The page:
The Wire

Energy news from Omaha Public Power District


Site of Fort Calhoun plant once thriving community

December 10, 2016 | Wire Staff | flashback, Fort Calhoun Station

Imagine standing on a rise overlooking an area near the Missouri River in 1804. As far as the eye can see stretches hundreds of acres of lush, green hills and land ripe for planting.

Others have told you that the area is also a good place to hunt and fish.

Imagine your name is Meriwether Lewis. Along with close friend William Clark, you are leading a select group of volunteers across the western portion of the United States. Your goal is to explore this newly acquired, but uncharted, territory. The effort will forever be known as the Lewis and Clark Expedition. As you stand there, you can only imagine the possibilities.

Present day

Fast forward 152 years later. That same land now hosts something Lewis or Clark could scarcely imagine. The lush hills have been replaced by a nuclear power generating plant, Fort Calhoun Nuclear Station (FCS).

The plant is now undergoing decommissioning, but for more than 40 years, FCS generated electricity to serve the needs of OPPD’s customers.

OPPD built the plant on 204 acres purchased from George and Belva Stanley and William Gustin. The original plan envisioned three generating units at the site, but the utility later scaled back those plans to include the single unit instead.

Rich history

The historical significance of the plant property goes back much farther than those 40 years.

Located in Washington County, a good part of the site’s history includes the riverfront town of Desoto. That history was explored in-depth in an August 1973 issue of Flash, OPPD’s employee magazine.

As the article explained, prehistoric man and animals first roamed the land 10,000 to 25,000 years ago. Over the years, it would become a crossroads for Native American tribes, fur traders, missionaries, explorers and settlers who frequented the area.

The site would eventually embrace a number of various ventures, including a military garrison, trading post, bustling commercial center, and finally a failed town settlement. Desoto’s demise stemmed from news of gold strikes in Colorado and a railroad that chose to locate elsewhere.

The military garrison was Fort Atkinson, the first U.S. military post west of the Missouri River. Established in 1820, military leaders abandoned the fort in 1827. When the soldiers left, traders, trappers and others remained to ply their trade along the river. Then came the missionaries, more explorers, farmers and those looking for a new start. By 1854, a town had sprung up. A year later the town incorporated as Desoto.

Lost town

Named after the Spanish explorer, Hernando De Soto, you could say Desoto was a “steam boating” town.  Steam boating on the river was in its heyday, and Desoto provided an excellent landing spot for both passengers and goods. Some intrepid entrepreneurs promoted the town as the “New Gateway to the West.” Population exploded. In three short years, the town grew to an estimated 500-700 people, an impressive figure in those days.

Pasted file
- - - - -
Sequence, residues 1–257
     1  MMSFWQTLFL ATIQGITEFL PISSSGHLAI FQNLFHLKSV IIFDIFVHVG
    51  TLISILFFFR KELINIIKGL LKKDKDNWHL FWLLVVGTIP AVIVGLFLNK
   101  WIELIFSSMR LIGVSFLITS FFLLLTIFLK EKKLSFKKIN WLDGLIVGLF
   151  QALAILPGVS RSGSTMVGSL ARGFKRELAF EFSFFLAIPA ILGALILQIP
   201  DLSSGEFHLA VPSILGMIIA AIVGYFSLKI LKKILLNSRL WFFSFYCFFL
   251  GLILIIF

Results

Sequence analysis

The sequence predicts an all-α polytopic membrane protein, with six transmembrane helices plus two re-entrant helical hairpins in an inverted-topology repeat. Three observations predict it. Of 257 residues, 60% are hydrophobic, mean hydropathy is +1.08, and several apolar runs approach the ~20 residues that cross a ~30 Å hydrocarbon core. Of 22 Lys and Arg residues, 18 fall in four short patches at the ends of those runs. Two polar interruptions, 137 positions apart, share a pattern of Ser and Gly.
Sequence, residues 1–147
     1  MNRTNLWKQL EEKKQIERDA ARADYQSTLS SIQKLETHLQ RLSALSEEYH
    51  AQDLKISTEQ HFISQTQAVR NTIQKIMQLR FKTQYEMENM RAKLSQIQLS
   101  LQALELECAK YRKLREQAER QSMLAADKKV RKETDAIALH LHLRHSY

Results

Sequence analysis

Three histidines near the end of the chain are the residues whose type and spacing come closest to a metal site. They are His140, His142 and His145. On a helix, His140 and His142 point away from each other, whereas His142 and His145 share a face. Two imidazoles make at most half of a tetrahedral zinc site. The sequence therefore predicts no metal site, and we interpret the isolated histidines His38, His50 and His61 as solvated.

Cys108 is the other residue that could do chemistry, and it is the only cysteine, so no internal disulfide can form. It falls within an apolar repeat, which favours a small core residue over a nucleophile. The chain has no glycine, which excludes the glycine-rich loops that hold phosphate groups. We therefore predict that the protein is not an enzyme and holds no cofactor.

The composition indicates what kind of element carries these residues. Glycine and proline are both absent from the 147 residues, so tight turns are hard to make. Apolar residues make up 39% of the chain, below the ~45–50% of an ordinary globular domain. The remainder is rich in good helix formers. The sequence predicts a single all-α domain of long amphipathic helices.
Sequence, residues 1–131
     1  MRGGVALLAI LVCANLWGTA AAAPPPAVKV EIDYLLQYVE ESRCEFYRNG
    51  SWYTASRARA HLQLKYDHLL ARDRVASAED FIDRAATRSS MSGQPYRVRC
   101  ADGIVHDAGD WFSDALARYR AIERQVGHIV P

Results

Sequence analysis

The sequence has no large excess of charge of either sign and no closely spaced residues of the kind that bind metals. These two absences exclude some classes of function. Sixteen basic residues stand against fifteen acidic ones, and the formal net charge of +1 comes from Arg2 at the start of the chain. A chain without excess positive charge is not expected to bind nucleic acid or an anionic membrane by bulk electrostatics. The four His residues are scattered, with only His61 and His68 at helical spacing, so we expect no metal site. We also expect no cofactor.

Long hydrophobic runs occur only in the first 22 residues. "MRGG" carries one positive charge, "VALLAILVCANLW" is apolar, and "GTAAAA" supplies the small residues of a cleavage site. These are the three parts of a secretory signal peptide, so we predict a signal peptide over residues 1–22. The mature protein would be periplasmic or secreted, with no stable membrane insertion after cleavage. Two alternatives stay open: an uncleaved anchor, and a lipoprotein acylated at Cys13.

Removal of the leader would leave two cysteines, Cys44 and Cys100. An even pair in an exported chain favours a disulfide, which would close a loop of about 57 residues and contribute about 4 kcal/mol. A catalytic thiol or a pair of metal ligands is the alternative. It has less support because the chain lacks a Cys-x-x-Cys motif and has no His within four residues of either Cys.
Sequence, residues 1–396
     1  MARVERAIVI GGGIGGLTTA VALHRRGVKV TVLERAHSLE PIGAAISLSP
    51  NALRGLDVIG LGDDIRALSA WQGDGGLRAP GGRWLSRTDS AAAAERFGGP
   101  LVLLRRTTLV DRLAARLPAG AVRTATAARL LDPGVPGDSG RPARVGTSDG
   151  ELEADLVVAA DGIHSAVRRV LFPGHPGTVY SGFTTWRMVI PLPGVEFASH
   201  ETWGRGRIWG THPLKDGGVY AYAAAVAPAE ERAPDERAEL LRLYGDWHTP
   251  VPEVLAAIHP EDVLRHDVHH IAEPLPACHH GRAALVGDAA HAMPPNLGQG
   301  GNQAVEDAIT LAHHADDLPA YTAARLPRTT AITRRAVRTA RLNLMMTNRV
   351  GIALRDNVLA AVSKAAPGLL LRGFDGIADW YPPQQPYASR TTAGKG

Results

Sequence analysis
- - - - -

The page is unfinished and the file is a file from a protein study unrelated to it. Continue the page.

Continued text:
At one time, Desoto was larger and busier than its main neighbor to the south, Omaha. The town hosted a wide variety of flourishing new businesses, facilities and buildings: hotels, saloons, stores, newspapers, banks and even churches and schools. All indications were that Desoto would become the dominant force and major metropolis of eastern Nebraska. However, it was not to be.

The fall of Desoto began when news of gold strikes in Colorado began to circulate. Many town residents decided to up and leave, hoping to find riches in the territories farther west.

Location matters

However, the final nail in the town’s future hopes came in 1869. Desoto had hoped to convince a new railroad company to build a terminus in their town. With the railroad would come more people, more goods and, of course, more money.

Those dreams went up in smoke when John I. Blair, one of the owners of the railroad’s franchises, convinced the railroad to cross the Missouri River three miles farther north. The location was seen as more advantageous because it offered a natural opening through the bluffs that marked the area.

Blair and the railroad purchased more than a thousand acres of choice land and then offered the land for sale at public auction. In reality, it was Blair who purchased the entire tracts belonging to the original settlers, and it was he who sold the lots for a tidy profit. The town that sprang up around the railroad was Blair, named in John I. Blair’s honor. The future of the new town was assured, while Desoto’s future fell.

There is little evidence remaining that Desoto once sat on the FCS site. While Desoto faded into the pages of history, Blair continues as an intrinsic part of Washington County. While all eyes are currently on the future of FCS, it is worth remembering the land’s deep roots in the past.

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